From White Pass for the first time I was hiking on stretches of the PCT that I had previously hiked, and serious cases of nostalgia for my Scouting days struck. The nostalgia kicked in even stronger as I came to places I hiked and camped even more frequently as a Scout – Kennedy Hot Springs was a favorite winter weekend camping trip, we hiked trails by Lake Chelan into Stehekin in the late spring several years. And for me the final stretch of the PCT perhaps had the strongest memories. I had hiked from Rainy Pass to Manning Park twice, the first time was only my second hike ever, and I did the hike again several years later with a group of younger Scouts.
The differences a dozen years makes… A dozen years and several thousand miles. While we spent a week hiking the roughly seventy mile section of the trail, this time I hiked it in three days, and that was slowing down to enjoy the scenery. I had first hiked the trail as an eleven year old with weak ankles, struggling to hike ten to fifteen miles a day, whereas now I was in incredible shape, and could put in fifteen miles before lunch without raising a sweat.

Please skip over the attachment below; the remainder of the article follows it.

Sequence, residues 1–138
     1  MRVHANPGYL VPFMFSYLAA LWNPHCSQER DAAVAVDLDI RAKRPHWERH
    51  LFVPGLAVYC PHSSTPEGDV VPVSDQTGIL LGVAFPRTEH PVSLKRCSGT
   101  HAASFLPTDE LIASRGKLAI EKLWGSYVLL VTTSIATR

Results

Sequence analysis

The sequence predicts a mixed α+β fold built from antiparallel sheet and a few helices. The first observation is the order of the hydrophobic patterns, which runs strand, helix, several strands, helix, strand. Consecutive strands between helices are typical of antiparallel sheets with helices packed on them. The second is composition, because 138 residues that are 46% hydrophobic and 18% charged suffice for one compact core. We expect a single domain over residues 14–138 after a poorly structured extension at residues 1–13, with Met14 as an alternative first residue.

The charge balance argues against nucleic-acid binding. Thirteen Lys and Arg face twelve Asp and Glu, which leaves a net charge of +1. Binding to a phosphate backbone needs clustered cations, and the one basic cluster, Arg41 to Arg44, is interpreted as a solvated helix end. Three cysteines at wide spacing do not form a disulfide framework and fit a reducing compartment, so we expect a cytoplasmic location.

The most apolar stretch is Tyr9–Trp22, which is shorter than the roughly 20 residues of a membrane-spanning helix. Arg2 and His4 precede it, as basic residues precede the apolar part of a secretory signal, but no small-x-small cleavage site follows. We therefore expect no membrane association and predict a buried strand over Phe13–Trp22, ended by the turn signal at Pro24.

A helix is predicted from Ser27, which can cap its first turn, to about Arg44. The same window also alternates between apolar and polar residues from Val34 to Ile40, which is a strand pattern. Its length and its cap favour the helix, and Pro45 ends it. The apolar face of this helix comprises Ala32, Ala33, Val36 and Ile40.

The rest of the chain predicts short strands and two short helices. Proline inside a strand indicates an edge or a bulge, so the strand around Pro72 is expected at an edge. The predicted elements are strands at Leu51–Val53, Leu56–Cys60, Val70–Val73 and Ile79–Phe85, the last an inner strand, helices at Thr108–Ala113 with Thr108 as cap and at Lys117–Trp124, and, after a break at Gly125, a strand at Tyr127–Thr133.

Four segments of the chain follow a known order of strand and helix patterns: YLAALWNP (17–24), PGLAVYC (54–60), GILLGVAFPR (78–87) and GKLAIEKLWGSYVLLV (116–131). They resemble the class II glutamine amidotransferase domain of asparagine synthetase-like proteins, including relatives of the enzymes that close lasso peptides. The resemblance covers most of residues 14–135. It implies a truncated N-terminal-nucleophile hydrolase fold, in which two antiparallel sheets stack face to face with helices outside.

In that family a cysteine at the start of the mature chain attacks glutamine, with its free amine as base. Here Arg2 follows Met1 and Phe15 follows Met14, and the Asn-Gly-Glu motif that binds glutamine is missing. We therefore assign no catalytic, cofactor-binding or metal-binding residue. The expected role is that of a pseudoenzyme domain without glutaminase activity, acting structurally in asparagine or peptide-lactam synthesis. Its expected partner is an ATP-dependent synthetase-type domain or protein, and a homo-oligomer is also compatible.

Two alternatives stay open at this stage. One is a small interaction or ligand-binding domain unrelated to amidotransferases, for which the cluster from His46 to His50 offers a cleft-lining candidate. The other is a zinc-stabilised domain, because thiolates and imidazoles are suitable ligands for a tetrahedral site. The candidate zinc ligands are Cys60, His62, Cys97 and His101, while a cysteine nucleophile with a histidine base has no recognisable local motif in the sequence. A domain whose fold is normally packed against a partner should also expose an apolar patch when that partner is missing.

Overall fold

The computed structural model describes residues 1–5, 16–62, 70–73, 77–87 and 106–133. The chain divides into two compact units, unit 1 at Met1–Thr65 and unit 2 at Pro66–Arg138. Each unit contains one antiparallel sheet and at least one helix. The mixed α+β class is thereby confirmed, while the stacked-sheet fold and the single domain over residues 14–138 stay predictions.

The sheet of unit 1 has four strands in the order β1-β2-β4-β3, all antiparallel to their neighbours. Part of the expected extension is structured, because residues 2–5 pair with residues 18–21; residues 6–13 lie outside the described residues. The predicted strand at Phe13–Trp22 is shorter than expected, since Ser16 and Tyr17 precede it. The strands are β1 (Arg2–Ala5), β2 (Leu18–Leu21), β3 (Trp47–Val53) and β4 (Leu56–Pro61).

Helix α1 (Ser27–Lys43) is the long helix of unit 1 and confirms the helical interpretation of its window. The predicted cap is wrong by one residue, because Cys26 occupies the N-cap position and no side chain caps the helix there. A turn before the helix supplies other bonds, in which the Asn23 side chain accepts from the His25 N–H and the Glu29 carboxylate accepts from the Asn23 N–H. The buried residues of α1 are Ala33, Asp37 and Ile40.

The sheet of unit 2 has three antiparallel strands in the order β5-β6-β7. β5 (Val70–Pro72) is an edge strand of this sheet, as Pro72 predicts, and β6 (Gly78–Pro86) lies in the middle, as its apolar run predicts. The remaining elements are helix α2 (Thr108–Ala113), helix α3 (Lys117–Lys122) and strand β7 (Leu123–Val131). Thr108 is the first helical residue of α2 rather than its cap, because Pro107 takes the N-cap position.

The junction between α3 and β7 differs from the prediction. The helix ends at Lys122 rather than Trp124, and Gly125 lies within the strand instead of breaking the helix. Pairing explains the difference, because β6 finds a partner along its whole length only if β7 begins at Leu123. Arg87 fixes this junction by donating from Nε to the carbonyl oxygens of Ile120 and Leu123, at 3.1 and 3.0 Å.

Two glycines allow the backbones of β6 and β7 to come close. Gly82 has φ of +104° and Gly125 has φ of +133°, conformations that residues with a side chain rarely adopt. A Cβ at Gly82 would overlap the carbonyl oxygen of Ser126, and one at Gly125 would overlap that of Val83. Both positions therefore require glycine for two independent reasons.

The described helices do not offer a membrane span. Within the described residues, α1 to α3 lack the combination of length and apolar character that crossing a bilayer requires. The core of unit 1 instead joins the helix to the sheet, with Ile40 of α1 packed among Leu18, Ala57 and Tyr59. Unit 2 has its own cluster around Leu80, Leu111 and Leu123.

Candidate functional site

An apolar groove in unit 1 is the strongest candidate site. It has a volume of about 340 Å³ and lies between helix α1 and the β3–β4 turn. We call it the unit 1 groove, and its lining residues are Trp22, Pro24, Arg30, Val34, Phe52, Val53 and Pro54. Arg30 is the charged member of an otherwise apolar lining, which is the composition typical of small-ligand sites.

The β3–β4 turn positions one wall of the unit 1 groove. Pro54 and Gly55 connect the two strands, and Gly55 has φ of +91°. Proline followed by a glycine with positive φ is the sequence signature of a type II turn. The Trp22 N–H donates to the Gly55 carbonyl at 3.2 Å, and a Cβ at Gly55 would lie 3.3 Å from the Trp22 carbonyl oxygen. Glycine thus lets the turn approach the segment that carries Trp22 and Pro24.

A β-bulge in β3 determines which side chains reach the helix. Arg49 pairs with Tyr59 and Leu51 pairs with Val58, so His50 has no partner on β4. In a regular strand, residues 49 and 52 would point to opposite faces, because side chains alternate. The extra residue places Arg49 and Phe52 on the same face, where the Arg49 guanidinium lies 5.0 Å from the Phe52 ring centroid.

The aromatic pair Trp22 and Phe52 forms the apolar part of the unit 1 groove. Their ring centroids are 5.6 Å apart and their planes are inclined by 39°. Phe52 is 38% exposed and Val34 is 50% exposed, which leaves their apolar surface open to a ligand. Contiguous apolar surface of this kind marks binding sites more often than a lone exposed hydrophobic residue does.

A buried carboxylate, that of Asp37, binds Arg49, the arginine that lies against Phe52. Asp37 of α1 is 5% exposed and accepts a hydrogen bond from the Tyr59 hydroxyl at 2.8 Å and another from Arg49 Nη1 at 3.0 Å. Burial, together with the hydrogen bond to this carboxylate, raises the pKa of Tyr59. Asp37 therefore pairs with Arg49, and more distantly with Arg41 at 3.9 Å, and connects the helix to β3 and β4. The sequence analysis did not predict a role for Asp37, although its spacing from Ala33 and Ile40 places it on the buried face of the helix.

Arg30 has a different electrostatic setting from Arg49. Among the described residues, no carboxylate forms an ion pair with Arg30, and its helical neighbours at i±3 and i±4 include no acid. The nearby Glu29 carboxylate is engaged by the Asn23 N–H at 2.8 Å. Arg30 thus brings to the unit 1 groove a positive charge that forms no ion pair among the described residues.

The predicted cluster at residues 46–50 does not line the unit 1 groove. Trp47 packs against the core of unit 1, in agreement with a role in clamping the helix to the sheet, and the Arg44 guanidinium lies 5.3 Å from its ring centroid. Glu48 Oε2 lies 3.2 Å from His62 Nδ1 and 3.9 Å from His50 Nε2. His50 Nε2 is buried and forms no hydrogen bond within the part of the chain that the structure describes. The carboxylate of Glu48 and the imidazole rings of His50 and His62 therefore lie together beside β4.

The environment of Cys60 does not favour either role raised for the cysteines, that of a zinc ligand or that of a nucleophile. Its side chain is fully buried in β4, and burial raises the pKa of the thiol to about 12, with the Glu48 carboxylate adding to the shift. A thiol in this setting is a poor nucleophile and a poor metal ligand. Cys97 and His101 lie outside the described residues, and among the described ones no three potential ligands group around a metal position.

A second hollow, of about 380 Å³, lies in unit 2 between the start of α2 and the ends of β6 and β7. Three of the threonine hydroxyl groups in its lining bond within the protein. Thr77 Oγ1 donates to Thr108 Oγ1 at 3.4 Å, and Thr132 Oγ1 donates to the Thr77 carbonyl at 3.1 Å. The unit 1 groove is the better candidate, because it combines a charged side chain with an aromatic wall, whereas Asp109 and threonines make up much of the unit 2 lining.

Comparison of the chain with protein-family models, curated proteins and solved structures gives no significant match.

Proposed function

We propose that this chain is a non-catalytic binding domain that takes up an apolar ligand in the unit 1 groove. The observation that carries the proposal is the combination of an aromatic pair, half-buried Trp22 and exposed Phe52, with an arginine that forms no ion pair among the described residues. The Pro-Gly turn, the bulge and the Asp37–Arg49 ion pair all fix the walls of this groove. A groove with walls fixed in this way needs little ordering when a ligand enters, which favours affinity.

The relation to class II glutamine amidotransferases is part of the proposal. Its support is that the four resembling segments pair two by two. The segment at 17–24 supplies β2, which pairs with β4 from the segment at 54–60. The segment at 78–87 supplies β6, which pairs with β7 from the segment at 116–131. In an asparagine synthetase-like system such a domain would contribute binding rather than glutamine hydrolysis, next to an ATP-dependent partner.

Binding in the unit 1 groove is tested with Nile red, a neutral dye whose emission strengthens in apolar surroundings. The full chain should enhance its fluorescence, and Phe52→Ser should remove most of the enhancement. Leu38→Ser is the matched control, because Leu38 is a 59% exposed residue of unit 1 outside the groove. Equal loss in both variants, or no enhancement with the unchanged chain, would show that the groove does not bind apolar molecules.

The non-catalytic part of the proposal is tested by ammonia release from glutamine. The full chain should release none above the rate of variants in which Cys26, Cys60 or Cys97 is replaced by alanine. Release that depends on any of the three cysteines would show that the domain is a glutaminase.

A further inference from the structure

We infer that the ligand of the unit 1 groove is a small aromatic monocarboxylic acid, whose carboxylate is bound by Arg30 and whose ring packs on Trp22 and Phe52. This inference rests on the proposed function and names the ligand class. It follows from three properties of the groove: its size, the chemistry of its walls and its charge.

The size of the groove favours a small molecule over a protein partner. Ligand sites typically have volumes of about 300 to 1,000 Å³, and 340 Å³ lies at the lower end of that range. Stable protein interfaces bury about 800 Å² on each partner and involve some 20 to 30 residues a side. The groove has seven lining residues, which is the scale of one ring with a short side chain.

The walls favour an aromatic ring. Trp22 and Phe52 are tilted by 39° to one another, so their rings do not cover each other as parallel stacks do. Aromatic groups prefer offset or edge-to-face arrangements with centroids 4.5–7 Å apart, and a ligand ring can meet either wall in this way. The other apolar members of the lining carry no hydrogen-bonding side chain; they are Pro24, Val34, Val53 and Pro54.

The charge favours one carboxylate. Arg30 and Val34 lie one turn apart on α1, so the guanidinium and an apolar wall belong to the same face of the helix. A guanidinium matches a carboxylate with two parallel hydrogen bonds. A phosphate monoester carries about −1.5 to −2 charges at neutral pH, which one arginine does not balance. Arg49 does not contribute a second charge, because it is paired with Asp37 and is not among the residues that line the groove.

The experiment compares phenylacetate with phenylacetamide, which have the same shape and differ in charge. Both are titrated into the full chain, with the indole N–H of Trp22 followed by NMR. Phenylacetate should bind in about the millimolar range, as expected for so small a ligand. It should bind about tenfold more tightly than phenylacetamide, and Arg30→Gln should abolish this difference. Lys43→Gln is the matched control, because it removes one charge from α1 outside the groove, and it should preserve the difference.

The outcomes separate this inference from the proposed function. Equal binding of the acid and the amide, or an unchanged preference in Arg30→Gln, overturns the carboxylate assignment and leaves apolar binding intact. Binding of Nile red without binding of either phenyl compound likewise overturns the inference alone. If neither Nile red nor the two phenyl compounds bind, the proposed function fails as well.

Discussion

But oddly, it wasn’t the differences that were most striking to me. The similarities were there as well. Despite the pain of my first long hike (I remember hobbling for weeks after the hike), I had enjoyed myself. I had fallen for the for hiking and camping, for just being out in the wilderness. The natural community that arises among people in the outdoors, even among people who don’t know each other at all, and how the bonds with those you do, friends and family, deepen just by spending time outdoors together. It’s amazing how you learn to trust in yourself and your abilities, and how you learn to accept and even enjoy the fact that there are many things not in your control, how you come to accept them with a smile. Maybe I didn’t plan it that way, but things will still work out.